Postscript; This blog inspired a little blog love!


11 Responses

  1. Emily O 29th August 2009 / 10:05 am

    Reading this takes me back, I'm the same age as you with similar memories. Yes I remember that excitement when the school got the first BBC computer! I often wonder what will be my children's main memories, I do worry that the daily grind can be a bit unimaginative and uninspiring for them. But I guess it's the seemingly small things which can form those happy memories you have in

  2. Insomniac Mummy 29th August 2009 / 12:29 pm

    I think we must be a similar age too.<br><br>I worry that my kids won&#39;t have good memories of their childhoods but your poat has made me realise they will, just as I did.<br><br>Really enjoyed your post.<br><br>x

  3. Pippa Haines 29th August 2009 / 12:59 pm

    What a great post, I too have the same memories, from the same era and I&#39;m being overly sensitive and crying while I type now. I loved being a kid with my brother however much I picked on him. When did the extra worry sneak up on us, lets promise to put the worry aside and enjoy th moment as much as we can while our kids still want to be with their dear old Mum&#39;s.<br>keep up the good

  4. Lorraine 29th August 2009 / 1:14 pm

    I loved your post, it really brought a lump to my throat, and got me thinking about my own childhood and all the happy memories I have, I hope my son has the same happy memories of his childhood as I do of mine.<br><br>I also remember getting a BBC computer, amazing the things that stick in your mind!!

  5. Pippa 29th August 2009 / 3:16 pm

    I&#39;m a little younger than you, but your words echo what is in my heart. One of the reasons I started my blog was so I could record funny moments from Top Ender&#39;s life so that I knew that I was doing an okay job in being her Mum.<br><br>Top Ender and Baby Boys blogs (although they get updated with a huge number of posts all in one go instead of everyday) I hope will also show to them if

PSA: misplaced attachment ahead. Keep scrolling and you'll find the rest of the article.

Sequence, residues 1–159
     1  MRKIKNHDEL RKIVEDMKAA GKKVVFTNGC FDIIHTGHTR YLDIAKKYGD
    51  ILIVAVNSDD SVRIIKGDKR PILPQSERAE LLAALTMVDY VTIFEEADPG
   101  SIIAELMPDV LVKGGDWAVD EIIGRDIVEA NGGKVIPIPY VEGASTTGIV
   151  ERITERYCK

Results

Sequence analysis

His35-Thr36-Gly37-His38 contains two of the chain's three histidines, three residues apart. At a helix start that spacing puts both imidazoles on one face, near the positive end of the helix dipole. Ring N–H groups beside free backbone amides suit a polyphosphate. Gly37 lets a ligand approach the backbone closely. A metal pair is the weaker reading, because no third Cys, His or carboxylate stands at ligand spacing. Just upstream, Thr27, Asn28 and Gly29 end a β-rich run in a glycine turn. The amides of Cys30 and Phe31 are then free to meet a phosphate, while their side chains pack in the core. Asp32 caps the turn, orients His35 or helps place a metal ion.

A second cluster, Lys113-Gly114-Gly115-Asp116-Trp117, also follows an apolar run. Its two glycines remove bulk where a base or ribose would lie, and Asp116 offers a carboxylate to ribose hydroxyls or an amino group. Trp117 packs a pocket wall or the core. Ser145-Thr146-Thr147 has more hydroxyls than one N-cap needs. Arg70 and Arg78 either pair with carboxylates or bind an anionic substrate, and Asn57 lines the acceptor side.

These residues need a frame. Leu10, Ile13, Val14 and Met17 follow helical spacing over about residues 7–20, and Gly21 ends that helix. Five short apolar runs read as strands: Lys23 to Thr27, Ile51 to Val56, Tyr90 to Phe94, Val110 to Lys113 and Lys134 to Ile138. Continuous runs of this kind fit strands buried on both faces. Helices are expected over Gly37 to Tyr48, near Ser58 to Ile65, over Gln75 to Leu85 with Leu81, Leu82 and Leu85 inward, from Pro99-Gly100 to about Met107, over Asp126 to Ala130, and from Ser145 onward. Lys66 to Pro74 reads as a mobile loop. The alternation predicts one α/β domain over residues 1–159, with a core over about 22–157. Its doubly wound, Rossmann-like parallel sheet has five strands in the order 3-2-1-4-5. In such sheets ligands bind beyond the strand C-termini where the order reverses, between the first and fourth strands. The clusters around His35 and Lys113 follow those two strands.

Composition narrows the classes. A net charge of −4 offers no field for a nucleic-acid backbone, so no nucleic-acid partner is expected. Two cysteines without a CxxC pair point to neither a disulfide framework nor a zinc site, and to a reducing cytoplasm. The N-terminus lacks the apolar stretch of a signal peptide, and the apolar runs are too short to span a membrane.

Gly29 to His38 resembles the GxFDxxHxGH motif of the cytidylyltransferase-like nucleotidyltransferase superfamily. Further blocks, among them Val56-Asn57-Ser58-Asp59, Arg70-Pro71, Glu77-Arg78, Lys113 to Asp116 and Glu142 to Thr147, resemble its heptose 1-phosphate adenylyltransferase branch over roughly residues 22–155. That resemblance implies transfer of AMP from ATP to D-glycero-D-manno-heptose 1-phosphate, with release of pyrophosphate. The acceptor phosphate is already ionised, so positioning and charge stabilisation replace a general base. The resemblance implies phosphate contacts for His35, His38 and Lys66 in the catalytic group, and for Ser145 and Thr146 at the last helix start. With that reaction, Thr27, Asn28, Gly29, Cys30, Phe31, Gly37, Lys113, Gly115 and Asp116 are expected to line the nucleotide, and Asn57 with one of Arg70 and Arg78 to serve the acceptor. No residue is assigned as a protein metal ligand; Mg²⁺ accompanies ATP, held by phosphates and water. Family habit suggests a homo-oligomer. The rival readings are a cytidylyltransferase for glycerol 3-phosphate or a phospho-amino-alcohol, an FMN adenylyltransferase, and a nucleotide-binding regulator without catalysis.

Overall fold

6. Laura 29th August 2009 / 6:40 pm

    I&#39;m another who&#39;s the same age, and your post took me way back! BUt you voiced something I think most if us feel, this constant worry that we&#39;re getting it right? Did previous generations second guess themselves as much? My Mum&#39;s not around to ask, but my MIL laughs a little at current Mums and their suitcases full of emotional baggage – she says that as long as the children were

  7. cartside 29th August 2009 / 8:36 pm

    It&#39;s definitely important to get those moments of stepping back and joining in the fun that the kids undoubtedly have. For me today it was listening to some wild play of daughter, nephew and hubby through the monitor while cooking dinner. A sudden realisation of how happy the two toddlers are, and how happy I am that they are happy.

  8. Perfectly Happy Mum 30th August 2009 / 7:54 am

    That&#39;s a brilliant post and it echoes so much in me… That&#39;s so funny you published that post yesterday because I spent the whole day away from my babies yesterday and all I could think about was that what really matters is that they are here with us, healthy and happy and the rest are material stuff and whatever happens we will pull through it together. What really matters is that they

  9. Mark 31st August 2009 / 6:40 am

    A great post; I wish more were reflective like this. <br>I often look at my children and wonder about the passing of time; there is strange contradiction: they make me aware of my mortality, but also a sense of continuity.<br><br>As for T&#39;Pau – really!<br><br>Mark

  10. Sandy Calico 1st September 2009 / 9:05 pm

    Wonderful post. It&#39;s too easy to feel caught on a toddler and baby treadmill. I spent a day and a night away from my children last week and it gave me time to take a breath and think about how lucky I am to have them.